No, Marsha P. Johnson Would Not Suggest Queer Youth Disregard History

No, Marsha P. Johnson Would Not Suggest Queer Youth Disregard History

There is one consistent thing about my personality that has never changed and grows stronger as I get older — my love of history and advocating the importance of knowing and understanding it. 

History is more than the names and dates you had to memorize for multiple choice tests you took in high school, and the key question to ask when studying history is not who, what, when, or where, but how and most importantly why.

Most of us know Pride Month is in June as a remembrance of the Stonewall Riots of 1969, and many of us know why the uprising started, but fewer know why those conditions existed to start the riots, and yet fewer still understand how the history of New York City created those conditions. Sure, you can answer all that with a simple “Because of homophobia,” but that reduces the people who lived through these times to shadows cast on a wall. We diminish their lives and struggles, and ultimately erase an understanding of how we got to here and why it still matters. As the black nationalist Marcus Garvey said, “A people without the knowledge of their past history, origin, and culture is like a tree without roots.”

Recently, the British LGBTQ magazine Attitude published an op-ed that said the queer youth of today shouldn’t be obligated to care about LGBTQ history because we live in an era where they don’t have to. While certainly the author was addressing a British audience, it struck a major chord with Americans, especially because of its unfortunate timing with it being Black History Month and National Black HIV/AIDS Awareness Day.

The op-ed goes on to admit that yes, there are still issues with discrimination but it’s “way better than it used to be,” and that a whole new group of LGBTQ youth is “unencumbered by the abuse … that older generations have been tragicall y… scarred with.” While one can easily write pages on how widespread abuse and discrimination against LGBTQ youth is, especially when one goes outside of progressive bubbles like London or New York City, it’s the follow-up where writer Dylan Jones dismisses the older generatios's concerns that these youth are losing sight of the issues and living a devil-may-care existence.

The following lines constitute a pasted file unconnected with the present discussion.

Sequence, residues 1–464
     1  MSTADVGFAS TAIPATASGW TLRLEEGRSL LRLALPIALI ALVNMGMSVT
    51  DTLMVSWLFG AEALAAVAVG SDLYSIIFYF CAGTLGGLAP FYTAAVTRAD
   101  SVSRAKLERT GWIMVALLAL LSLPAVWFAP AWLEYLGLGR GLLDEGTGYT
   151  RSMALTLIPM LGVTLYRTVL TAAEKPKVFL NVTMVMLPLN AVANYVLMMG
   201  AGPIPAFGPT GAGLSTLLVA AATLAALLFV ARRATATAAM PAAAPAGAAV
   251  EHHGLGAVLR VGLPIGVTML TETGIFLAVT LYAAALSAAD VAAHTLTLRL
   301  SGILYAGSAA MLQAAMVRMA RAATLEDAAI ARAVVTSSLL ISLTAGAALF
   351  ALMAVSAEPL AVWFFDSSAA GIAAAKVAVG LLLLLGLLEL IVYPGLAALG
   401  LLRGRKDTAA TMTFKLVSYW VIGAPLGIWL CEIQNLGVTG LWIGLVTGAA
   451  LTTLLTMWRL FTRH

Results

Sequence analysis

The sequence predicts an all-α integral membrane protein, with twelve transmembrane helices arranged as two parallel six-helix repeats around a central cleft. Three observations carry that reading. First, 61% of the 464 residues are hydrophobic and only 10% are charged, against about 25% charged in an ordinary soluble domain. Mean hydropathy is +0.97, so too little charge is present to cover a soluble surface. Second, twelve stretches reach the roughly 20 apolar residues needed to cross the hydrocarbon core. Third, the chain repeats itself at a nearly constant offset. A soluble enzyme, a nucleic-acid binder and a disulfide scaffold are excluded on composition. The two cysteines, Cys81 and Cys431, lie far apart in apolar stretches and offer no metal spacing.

Outside of the clubs, brunch-serving bistros, and drag diva Instagram world of the socialite gay scene that perhaps skews the author's view, LGBTQ youth still face discrimination and violence, especially within the trans community. Violence against LGBT people last year actually increased in America to include a record 52 known anti-LGBT homicides. What seems to some the past is our today.

The author continued to deride “self-appointed sanctioners” who claim that “we” were not allowed to enjoy our rights and freedoms once we had won them. The problem is that is not only blind to the struggles so many still face, but the fact that so much of LGBTQ culture is, in fact, a near-bacchanalian celebration of our identity, which is partially derived from the first remembrances of the Stonewall riots. That uprising and others like it stemmed from individuals wanting to celebrate their identity around others — and simply feel free. Stonewall was a bar with drag queens and illicit booze, not a somber activist meeting.